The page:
The Eritrean leader Isaias Afwerki constantly refers to "TPLF and their masters in Washington" nowadays.

Why Afwerki is upset with the US is pretty clear because the US demanded that Eritrean troops leave Tigray and Ethiopia more broadly. So that would be an incentive for Afwerki to trash-talk the US. (I think the US also imposed some kind of sanctions on Eritrea, in particular on the ruling party.)

Afwerki also claims the Tigrayans "attacked Eritrea with missiles, in accordance to the instigation of their accomplice, the Washington". But what incentive would the US have had to start a civil war in Ethiopia, or a cross-border war with Eritrea?

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    Sometimes people lie. Wouldn't it be the task of Afweri to motivate why something he says is true. This question sounds a bit like you asking us to do Afweris homework. If nobody said anything specific we likely chase ghosts here. Feb 13, 2023 at 18:36
  • @Trilarion No, this question is basically asking how much validity there is in the claims being made. These seem very similar to the Kremlin's "Ukraine is the lackey of the West" set of arguments. Except that we are not as familiar with the subject matter here. Seems like a rather good question. Feb 14, 2023 at 21:52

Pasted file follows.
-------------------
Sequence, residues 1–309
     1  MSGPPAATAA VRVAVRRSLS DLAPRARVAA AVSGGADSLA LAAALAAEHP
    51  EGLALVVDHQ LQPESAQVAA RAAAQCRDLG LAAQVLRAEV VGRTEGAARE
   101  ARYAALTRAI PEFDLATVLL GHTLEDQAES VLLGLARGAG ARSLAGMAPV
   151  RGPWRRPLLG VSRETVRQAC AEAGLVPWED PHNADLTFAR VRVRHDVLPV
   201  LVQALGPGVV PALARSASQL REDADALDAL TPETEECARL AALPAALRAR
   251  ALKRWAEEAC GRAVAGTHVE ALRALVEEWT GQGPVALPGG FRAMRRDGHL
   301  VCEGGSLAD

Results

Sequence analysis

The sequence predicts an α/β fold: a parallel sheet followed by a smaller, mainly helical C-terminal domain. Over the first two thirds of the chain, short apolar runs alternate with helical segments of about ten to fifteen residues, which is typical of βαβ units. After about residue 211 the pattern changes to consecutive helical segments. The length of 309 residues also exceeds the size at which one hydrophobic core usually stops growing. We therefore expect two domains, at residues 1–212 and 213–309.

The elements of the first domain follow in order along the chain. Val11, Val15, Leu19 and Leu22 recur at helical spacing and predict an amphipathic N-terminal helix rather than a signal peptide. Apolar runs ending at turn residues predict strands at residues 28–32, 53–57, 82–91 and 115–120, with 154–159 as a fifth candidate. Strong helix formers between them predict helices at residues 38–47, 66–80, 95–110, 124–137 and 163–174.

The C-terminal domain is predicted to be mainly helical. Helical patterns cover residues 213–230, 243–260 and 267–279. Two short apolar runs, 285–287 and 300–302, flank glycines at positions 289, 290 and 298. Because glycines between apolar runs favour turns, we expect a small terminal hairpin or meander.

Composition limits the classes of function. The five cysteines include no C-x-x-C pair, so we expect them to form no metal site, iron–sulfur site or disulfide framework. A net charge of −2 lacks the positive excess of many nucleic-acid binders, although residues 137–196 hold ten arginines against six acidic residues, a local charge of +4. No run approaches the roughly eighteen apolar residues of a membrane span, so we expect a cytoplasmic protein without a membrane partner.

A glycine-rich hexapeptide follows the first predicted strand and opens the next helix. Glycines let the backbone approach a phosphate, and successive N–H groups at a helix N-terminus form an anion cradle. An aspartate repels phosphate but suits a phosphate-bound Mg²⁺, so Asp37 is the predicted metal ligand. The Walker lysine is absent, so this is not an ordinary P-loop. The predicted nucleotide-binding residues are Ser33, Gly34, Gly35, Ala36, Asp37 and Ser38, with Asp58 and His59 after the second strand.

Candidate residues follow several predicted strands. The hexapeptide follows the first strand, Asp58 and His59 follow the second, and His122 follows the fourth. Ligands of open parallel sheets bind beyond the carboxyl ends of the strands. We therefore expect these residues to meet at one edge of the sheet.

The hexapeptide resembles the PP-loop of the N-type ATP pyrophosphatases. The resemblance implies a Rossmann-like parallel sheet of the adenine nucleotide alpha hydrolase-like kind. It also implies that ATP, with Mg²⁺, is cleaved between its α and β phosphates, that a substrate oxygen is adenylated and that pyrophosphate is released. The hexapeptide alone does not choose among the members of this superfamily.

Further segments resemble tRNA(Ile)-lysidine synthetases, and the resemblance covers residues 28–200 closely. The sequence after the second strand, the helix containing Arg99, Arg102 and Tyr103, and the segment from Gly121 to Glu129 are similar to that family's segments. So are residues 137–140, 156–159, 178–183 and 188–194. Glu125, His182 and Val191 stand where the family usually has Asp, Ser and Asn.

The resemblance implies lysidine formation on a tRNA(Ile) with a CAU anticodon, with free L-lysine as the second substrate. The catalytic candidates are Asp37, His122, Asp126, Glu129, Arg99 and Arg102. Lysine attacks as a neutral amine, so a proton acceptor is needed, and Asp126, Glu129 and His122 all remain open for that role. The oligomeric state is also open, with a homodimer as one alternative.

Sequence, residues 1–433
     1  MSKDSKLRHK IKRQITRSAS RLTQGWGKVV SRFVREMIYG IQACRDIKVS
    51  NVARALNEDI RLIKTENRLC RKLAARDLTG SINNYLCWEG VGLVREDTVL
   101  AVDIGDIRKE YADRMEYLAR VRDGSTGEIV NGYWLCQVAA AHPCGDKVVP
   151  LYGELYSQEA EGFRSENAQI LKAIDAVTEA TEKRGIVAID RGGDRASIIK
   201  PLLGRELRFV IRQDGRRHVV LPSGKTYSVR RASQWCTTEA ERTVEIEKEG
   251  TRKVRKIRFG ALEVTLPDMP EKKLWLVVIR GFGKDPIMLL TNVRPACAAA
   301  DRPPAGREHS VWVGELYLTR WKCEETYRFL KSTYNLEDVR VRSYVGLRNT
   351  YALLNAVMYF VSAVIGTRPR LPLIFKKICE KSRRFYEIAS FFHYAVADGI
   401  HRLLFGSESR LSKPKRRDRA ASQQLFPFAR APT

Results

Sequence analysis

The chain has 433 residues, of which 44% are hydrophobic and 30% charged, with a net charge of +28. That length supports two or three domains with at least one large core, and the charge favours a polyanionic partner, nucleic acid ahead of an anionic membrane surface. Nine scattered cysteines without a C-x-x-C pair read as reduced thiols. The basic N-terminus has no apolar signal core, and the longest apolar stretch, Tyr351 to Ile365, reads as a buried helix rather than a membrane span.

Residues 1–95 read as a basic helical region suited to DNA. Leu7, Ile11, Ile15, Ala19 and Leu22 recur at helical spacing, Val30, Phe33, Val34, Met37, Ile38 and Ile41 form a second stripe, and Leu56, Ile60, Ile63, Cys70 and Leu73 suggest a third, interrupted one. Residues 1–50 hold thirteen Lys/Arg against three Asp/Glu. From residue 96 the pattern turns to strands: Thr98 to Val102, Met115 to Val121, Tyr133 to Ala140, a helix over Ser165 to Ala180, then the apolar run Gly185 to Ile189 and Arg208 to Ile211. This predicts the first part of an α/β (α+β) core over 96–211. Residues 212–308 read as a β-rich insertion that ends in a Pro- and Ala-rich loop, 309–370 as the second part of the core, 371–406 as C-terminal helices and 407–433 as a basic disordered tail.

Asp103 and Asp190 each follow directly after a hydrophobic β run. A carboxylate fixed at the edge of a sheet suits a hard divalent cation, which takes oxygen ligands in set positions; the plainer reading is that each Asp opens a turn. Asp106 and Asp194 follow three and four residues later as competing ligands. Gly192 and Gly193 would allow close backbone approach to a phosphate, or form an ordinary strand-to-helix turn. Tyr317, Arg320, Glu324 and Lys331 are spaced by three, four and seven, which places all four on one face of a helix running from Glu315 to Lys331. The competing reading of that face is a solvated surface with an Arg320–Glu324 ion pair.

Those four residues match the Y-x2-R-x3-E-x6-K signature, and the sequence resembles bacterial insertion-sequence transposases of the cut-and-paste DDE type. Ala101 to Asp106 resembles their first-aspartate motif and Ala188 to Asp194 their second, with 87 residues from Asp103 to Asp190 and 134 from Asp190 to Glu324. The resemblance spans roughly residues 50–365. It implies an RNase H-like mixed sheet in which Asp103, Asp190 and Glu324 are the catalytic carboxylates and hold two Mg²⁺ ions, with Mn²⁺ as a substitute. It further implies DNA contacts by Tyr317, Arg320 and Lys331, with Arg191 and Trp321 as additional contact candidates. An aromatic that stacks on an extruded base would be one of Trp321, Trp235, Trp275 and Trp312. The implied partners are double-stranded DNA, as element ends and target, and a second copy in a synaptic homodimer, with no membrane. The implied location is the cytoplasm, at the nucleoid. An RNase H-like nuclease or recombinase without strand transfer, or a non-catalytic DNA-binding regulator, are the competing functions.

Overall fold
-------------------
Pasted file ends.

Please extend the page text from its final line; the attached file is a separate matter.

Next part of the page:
• @ItalianPhilosophers4Monica What do you think will come out of it? People make thousands of baseless claims all day. We wouldn't even have the time to debunk them all would we take this task seriously and ask this question for every single one of them. Is "no evidence is given" not enough of an answer? I'm not interested in discussing non-issues. It only becomes interesting once some kind of evidence emerges. Feb 14, 2023 at 22:49
  • @Trilarion Well, what if the US had been backing an insurgency? I agree that it would seem odd, these days, but that was par for the course in Central America in the 80s. And it is not like it a claim by some random person of no notoriety. And maybe the claim, of backing a civil war, could have been an exaggeration but still based on self-interested side-taking by the US? Granted, might be better housed on Skeptics, but... FWIW, I think ohwilleke's answer is spot on. Feb 14, 2023 at 23:09
  • "what if the US had been backing an insurgency" Without any kind of evidence I would have no reason to assume that. It would be purely hypothetical. Feb 15, 2023 at 6:26

1 Answer 1